Tuesday, June 3, 2008

Associated Press: Barack Obama Cinches the Nomination For Democratic Party Nominee For President of The United States

..."I have a dream that my four little children will one day live in a nation where they will not be judged by the color of their skin but by the content of their character."-- Martin Luther King, Jr., from his famous "I Have A Dream" speech, August 23, 1963. Dr. King gave the speech on the steps of the Lincoln Memorial in Washington, D.C. You can read the full-text of the speech here.

The Associated Press (AP) is reporting Democratic candidate for President Barack Obama has cinched his party's nomination for President of the United States.

According to the AP, Senator Obama now has obtained enough delegates to put him over the top in the delegate count to beat out fellow Senator and former U.S. First Lady Hillary Clinton for the nomination. This is even before the results from today's primaries in South Dakota and Montana have come in, which will happen later tonight. Even if Obama were to lose both states by a substantial margin tonight, he would still cinch the nomination, according to the AP report.

You can read the Associated Press' breaking news report here.

First-term Illinois Senator Barack Obama becomes the first African American in the history of the United States to be nominated for President by his political party.

It was another man from Illinois, Abraham Lincoln, who abolished black slavery in the United States while he was President. The poignancy of Senator Obama being the Senator from Illinois is striking in that regard.

Obama, 46, the son of a white mother from Kansas in America's heartland and a father from Kenya in Africa, took a long journey to become not only a politician but now his party's nominee for the highest office in the United States.

Raised by his mother and grandparents in Hawaii, Kansas and for even a time in Indonesia, Obama says he didn't want to be President as a child or even a teenager. Rather, what he says he wanted most was to know his father, who left the family shortly after Barack was born. Senator Obama did eventually get to know his father better, but not personally. Rather, he did so by researching and writing his best selling book, "The Dreams of My Father."

You can learn more about Barack Obama's life story and biography here.

Forty years ago in 1968, civil rights leader Martin Luther King Jr. was gunned down by a sniper as he relaxed on the balcony of the Lorraine Hotel in Memphis, Tennessee.

Campaigning for the Democratic Party nomination for President that very day in 1968 in Indianapolis, Indiana when he heard the news of King's death, Robert F. Kennedy, who many say Barack Obama reminds them of in some ways, waded out into a crowd of mostly African American voters who thought they were at a rally to hear a political campaign speech from the Senator, brother of the late President John F. Kennedy, civil rights leader, and Democratic candidate for President that year.

Instead, Robert F. Kennedy broke the news to the largely African American group that Martin Luther King Jr. has been assassinated in Memphis and had died just a short time earlier.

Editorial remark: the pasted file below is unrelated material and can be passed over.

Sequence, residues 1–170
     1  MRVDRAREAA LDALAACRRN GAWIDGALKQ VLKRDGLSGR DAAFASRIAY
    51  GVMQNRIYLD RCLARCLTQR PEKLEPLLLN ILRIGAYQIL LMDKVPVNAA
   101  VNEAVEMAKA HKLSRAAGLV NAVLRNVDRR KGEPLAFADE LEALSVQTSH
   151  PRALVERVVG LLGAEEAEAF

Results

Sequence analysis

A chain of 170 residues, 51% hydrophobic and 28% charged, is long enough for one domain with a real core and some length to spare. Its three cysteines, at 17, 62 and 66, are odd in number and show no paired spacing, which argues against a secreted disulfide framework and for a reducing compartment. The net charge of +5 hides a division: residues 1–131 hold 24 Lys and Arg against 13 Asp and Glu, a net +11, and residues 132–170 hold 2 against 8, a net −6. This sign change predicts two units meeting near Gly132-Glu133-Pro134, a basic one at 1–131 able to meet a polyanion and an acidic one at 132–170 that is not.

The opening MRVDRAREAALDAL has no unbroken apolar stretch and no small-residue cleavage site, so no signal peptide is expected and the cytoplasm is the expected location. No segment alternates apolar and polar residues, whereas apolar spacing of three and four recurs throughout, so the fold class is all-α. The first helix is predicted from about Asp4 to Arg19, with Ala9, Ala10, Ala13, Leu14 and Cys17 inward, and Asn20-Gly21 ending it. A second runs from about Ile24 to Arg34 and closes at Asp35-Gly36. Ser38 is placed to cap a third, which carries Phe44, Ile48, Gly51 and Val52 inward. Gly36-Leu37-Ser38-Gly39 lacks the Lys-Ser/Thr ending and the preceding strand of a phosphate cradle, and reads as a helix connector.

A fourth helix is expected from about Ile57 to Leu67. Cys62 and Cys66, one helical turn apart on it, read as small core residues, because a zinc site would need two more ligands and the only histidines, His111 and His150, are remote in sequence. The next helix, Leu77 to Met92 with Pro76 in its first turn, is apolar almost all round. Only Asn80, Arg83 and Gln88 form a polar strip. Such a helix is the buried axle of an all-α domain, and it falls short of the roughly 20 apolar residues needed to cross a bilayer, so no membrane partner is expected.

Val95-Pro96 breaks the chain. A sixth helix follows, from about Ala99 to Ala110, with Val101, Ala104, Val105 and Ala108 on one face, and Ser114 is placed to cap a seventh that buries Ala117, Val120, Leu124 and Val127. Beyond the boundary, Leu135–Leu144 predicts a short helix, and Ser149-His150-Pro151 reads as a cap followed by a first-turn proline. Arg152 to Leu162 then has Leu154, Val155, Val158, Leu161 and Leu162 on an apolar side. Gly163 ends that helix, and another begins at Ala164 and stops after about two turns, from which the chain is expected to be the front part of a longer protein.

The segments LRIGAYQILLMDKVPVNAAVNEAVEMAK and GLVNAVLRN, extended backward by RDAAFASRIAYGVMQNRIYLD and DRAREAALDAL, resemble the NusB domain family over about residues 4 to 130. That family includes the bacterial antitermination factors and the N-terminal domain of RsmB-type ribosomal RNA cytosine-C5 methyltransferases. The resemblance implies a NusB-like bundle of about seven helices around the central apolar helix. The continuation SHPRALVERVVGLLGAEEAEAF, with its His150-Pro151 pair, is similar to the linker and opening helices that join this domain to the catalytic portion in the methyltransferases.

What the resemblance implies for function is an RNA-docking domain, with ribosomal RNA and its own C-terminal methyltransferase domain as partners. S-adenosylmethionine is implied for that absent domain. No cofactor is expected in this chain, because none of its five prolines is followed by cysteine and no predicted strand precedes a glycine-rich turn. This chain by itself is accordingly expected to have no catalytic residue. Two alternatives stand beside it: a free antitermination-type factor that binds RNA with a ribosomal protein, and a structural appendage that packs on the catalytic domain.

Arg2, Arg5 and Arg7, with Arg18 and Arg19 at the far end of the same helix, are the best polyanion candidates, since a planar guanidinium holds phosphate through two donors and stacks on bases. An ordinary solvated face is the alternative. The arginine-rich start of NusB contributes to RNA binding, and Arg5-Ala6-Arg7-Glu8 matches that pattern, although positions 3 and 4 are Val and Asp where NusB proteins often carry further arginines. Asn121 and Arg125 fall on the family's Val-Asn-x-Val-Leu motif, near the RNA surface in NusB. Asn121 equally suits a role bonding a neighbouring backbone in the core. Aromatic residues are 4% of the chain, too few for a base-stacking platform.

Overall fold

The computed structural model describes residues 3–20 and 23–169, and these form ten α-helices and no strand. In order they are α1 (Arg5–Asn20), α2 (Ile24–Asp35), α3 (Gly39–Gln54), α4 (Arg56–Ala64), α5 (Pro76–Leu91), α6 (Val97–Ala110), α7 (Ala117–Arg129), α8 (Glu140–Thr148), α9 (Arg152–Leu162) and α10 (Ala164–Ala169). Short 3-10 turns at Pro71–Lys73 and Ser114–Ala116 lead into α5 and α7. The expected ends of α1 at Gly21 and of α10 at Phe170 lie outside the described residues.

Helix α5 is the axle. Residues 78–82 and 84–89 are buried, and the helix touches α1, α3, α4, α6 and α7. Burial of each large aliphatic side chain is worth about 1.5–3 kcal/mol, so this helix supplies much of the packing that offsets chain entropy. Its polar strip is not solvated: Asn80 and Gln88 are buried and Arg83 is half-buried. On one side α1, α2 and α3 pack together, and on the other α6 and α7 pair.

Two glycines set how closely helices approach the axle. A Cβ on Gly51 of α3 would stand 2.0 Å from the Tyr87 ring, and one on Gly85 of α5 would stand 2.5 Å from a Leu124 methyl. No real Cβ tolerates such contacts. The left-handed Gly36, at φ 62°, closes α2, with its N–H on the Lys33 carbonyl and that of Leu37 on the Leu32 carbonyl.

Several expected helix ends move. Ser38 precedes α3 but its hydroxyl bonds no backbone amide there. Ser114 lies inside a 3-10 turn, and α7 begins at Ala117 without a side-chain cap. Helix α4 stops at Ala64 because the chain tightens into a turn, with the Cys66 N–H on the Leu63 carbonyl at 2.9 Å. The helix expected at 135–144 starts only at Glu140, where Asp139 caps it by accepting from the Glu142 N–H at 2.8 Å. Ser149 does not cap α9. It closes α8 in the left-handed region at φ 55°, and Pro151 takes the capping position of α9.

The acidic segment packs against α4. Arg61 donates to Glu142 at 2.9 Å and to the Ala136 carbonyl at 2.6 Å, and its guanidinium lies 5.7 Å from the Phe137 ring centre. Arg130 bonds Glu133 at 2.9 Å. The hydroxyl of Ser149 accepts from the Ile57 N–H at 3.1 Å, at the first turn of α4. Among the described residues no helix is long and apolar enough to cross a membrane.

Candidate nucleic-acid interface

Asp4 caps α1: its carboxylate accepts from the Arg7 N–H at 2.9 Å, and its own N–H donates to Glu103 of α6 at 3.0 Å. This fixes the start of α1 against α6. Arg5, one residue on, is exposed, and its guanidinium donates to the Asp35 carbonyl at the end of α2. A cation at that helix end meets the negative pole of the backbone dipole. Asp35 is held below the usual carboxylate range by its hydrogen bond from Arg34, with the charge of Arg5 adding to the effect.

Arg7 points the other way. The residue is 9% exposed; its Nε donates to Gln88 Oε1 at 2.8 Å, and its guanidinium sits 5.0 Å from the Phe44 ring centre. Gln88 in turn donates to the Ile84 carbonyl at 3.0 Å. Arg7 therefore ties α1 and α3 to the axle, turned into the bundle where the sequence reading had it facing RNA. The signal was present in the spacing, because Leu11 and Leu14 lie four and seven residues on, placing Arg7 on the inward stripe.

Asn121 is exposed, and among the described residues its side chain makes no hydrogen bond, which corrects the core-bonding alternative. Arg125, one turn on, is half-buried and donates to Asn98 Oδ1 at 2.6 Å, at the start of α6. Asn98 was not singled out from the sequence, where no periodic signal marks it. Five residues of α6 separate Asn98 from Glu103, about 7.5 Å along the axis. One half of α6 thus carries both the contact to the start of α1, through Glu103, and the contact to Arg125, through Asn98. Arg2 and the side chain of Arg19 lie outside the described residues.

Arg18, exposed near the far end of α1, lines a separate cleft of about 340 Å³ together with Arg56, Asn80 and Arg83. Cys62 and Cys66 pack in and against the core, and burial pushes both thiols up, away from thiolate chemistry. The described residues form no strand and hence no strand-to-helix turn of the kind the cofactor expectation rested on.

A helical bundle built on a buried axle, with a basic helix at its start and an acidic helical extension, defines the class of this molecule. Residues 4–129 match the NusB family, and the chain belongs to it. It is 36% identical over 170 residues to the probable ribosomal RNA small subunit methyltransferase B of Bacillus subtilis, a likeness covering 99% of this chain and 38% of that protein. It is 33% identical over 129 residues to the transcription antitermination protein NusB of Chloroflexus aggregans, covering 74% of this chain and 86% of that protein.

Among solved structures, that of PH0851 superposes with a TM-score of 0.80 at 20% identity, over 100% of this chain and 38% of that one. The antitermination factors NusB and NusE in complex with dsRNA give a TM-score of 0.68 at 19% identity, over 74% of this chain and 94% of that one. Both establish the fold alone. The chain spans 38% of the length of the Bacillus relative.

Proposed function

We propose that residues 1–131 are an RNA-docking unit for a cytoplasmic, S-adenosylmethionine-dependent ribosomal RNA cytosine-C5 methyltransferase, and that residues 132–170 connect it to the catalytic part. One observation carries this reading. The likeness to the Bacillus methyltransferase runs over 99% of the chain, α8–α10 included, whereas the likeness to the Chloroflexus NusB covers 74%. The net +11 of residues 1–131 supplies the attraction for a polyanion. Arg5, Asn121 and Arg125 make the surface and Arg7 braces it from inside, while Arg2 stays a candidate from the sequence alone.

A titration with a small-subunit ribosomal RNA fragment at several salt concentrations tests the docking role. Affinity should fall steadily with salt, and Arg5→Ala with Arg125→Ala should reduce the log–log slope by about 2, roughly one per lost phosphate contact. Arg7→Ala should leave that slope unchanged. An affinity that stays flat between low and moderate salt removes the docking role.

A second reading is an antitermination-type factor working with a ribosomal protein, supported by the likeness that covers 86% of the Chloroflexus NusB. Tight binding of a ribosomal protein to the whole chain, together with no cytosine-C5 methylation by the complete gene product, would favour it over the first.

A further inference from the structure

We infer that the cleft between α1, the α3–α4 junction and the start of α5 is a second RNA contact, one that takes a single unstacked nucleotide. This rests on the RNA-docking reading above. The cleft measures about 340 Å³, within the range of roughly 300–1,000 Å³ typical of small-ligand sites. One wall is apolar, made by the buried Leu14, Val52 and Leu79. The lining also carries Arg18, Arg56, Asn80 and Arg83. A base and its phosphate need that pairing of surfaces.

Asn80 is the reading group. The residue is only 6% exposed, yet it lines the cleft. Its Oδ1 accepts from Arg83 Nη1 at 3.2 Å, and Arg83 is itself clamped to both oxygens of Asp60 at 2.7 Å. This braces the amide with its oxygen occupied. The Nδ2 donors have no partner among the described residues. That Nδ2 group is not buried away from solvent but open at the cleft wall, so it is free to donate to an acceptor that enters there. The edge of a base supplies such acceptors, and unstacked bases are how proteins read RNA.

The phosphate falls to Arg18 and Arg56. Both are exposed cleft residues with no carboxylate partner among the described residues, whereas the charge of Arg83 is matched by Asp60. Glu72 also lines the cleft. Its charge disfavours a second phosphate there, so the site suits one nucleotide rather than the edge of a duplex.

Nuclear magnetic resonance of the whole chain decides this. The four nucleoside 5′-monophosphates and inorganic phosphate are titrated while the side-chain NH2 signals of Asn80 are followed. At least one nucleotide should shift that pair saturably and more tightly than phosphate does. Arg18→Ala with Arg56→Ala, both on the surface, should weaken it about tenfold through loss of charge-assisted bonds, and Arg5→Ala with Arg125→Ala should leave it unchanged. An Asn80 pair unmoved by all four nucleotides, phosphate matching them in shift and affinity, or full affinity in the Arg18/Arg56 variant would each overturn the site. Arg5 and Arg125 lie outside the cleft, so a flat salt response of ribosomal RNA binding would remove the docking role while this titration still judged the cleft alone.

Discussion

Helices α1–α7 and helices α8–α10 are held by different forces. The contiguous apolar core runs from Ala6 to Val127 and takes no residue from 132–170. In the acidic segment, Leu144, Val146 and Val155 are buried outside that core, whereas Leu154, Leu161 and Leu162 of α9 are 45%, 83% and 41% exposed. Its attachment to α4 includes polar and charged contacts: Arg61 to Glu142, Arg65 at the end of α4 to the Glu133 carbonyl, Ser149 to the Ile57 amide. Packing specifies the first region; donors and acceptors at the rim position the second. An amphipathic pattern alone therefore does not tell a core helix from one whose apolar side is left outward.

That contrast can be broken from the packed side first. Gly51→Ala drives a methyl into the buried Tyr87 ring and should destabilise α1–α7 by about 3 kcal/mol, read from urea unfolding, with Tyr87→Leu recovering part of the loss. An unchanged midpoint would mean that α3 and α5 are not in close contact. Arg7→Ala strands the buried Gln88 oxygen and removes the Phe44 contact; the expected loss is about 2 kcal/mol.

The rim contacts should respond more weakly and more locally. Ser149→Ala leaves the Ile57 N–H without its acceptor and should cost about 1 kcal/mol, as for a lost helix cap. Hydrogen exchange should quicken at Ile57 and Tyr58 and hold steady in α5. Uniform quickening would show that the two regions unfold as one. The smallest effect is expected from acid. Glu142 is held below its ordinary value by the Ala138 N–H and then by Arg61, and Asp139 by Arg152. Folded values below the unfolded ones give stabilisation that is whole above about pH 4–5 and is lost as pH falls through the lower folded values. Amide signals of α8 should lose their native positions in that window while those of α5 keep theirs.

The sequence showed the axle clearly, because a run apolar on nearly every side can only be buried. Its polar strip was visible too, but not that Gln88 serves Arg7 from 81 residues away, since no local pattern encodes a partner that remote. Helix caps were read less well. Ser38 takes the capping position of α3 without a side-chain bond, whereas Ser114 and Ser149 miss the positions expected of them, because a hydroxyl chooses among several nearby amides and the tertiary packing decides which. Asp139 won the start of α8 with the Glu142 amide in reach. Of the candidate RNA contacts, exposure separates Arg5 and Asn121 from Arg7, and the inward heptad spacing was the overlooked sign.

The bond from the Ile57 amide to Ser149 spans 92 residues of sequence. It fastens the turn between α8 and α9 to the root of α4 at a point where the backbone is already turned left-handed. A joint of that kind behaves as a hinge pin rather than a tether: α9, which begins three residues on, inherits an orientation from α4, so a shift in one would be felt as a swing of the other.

There was widespread fear in Indianapolis that evening riots would break out. However, Robert F. Kennedy gave a speech to the group without notes, talking about what he felt like that night, telling the crowd what it was like to have a brother (JFK) shot down just a few short years earlier in the same way a sniper ended King's life that very day.

In his speech to the grieving Indiana residents, Robert F. Kennedy evoked the words of his favorite poet, Aeschylus:

"Even in our sleep, pain which cannot forget falls drop by drop upon the heart, until, in our own despair, against our will, comes wisdom through the awful grace of God."

Later that year (1968) Robert F. Kennedy--like his brother John before him and his friend Martin Luther King Jr. (as well as Abraham Lincoln)--would have his life come to an abrupt end when he was shot by a sniper at the Ambassador Hotel in Los Angeles during the celebration of his winning the California primary in his quest to be the 1968 Democratic nominee for President.

You can read the entire Indiana speech by Robert F. Kennedy, and even listen to it if you like, here.

The poignancy of Barack Obama's becoming the first African American to be nominated by his party for President coming on the 40th anniversary of the death of America's leading civil rights leader, Dr. Martin Luther King, along with the same year anniversary of Robert F. Kennedy's death is equally striking

Regardless of ones political affiliation--Democrat, Republican, Libertarian, Independent or decline to state--Obama's cinching the nomination is a cause to celebrate as America.

Through decades of pain and suffering, America has gone from a nation which enslaved people because of the color of their skin, then denied them the vote, decent jobs, housing and other basic rights, to tonight when an African American man with what he calls the unusual name of Barack Obama, will stand on a stage in St. Paul, Minnesota, where the Republican Party will hold its convention later this summer, and perhaps announce he is proud and humbled to be the Democratic nominee for President of the United States of America.

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